Features Australia

Putting the West last

Yet again, Trump was right

29 May 2021

9:00 AM

29 May 2021

9:00 AM

When Dr John Snow identified a Soho well as the source of a lethal cholera outbreak in London in 1854, he saved hundreds of lives and could have saved many more if public health officials had not obstinately insisted that the waterborne infection was spread by foul air. It was only twelve years later, when he was dead, that one of his fiercest opponents recognised that Snow had been right all along.

We should perhaps be grateful then that it has only taken a year and a half for establishment scientists and their media lapdogs to do a 180-degree volte-face on the origins of Covid-19. The proposition that the virus leaked from a Wuhan laboratory has suddenly gone from being a dangerous crackpot conspiracy theory, banned on Facebook, to a mainstream media talking point.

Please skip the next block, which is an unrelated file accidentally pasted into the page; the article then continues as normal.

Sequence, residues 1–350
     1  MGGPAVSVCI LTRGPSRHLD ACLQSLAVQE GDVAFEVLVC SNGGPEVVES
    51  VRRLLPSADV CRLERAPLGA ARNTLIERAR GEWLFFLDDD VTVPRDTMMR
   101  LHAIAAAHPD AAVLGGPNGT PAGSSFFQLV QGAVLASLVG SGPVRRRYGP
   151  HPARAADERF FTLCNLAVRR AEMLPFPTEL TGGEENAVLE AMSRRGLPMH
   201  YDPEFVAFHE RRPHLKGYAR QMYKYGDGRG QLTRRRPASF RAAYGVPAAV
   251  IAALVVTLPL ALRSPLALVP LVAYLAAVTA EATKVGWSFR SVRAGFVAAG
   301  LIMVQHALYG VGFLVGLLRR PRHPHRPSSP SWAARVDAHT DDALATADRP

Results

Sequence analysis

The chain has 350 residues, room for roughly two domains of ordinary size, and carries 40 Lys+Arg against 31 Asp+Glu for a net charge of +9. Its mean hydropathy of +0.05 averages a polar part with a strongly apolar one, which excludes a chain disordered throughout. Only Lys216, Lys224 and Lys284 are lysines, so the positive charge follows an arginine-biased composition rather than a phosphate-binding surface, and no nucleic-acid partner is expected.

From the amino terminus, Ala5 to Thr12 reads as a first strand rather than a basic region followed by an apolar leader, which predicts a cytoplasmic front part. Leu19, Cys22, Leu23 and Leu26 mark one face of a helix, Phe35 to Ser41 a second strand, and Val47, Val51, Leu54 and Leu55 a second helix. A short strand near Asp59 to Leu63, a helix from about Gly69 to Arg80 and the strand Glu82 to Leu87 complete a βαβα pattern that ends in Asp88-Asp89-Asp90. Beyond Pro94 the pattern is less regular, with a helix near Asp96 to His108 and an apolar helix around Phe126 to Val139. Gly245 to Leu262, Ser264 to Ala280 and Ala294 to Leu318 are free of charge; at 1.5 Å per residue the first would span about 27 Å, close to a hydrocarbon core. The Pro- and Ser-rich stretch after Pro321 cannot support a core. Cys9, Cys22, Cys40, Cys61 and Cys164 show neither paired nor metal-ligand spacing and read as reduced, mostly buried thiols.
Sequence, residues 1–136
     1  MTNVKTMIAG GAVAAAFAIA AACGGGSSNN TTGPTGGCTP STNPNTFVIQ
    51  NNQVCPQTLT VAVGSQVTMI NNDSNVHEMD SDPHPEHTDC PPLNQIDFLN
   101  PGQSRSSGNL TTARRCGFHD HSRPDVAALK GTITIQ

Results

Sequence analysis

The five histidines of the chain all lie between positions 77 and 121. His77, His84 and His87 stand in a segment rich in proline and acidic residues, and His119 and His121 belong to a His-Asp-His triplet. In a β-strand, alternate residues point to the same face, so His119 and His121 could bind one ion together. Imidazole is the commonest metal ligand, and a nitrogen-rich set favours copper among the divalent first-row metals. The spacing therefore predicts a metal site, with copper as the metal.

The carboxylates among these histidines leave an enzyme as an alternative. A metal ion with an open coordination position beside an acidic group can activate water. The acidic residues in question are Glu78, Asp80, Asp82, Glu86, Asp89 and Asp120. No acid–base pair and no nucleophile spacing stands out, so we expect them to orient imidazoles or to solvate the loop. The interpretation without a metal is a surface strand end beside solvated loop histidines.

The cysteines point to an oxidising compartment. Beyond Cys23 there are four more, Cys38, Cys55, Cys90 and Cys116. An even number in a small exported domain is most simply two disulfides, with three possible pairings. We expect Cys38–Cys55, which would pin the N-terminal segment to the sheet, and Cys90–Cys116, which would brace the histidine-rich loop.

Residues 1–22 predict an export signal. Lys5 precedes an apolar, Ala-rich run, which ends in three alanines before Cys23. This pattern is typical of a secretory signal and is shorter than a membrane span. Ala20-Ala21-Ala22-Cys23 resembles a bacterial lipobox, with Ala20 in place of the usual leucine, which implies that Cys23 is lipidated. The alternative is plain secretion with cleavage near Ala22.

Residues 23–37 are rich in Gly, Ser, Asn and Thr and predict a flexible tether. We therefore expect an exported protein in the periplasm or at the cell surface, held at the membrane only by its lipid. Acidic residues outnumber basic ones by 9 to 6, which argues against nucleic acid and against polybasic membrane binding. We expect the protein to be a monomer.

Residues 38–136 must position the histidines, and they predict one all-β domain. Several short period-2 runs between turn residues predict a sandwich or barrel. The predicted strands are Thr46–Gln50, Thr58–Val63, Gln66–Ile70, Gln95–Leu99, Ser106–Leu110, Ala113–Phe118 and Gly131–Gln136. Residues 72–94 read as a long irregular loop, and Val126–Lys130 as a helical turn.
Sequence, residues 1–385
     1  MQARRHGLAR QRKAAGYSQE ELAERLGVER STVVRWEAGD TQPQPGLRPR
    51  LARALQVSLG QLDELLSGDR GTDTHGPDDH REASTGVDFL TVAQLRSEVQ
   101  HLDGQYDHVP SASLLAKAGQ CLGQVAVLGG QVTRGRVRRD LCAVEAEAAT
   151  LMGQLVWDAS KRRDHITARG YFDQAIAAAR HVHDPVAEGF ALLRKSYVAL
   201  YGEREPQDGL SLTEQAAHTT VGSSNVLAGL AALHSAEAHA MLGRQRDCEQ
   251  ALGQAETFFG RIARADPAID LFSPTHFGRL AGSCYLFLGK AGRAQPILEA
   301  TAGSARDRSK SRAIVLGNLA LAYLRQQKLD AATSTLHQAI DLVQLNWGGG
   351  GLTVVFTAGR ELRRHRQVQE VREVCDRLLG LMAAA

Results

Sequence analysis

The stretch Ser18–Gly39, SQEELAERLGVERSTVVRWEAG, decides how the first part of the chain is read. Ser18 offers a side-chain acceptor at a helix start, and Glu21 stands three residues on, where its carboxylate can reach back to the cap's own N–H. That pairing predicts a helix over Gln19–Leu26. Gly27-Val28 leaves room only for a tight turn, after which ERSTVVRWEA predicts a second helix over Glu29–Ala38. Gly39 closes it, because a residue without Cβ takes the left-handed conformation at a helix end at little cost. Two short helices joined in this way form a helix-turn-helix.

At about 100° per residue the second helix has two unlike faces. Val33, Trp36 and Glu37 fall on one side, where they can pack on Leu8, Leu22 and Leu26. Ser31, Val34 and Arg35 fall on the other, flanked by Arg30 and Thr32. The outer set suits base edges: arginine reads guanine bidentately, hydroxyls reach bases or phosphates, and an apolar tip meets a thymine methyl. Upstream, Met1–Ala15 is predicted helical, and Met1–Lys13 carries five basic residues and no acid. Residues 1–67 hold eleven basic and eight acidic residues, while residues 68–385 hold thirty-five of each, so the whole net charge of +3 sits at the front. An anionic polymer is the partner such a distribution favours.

The policy pivot was set in motion by a letter written by 18 prominent scientists calling for a rigorous independent investigation of the origin of Covid-19 and stating that theories about a lab leak were ‘viable’. That had added strength given that in March Robert Redfield, the former director of the US Centers for Disease Control and Prevention had said he backed the lab-leak theory. When journalists asked presidential adviser Dr Anthony Fauci for his views, he said he was ‘not convinced’ that Covid-19 had developed naturally and called for an open investigation into the virus’ origins. Even for Fauci,  famous for his flip-flops ,this created a flap as he had repeatedly dismissed a lab leak as all but impossible.

Professor Ian Lipkin, the Columbia virologist who rose to fame for his work on the film Contagion, was one of the authors of a scientific paper on the origin of Covid that made the credulous claim that the authors did not believe that ‘any type of laboratory-based scenario’ was  ‘plausible’.  Lipkin now thinks a laboratory scenario is very plausible ever since he discovered that Wuhan virologists were doing dangerous research on viral pathogens in low-security labs. ‘That’s screwed up’, he told a former New York Times science reporter who also had a Damascene change of mind when it dawned on him that the Chinese government scientists might not be telling the world the whole truth.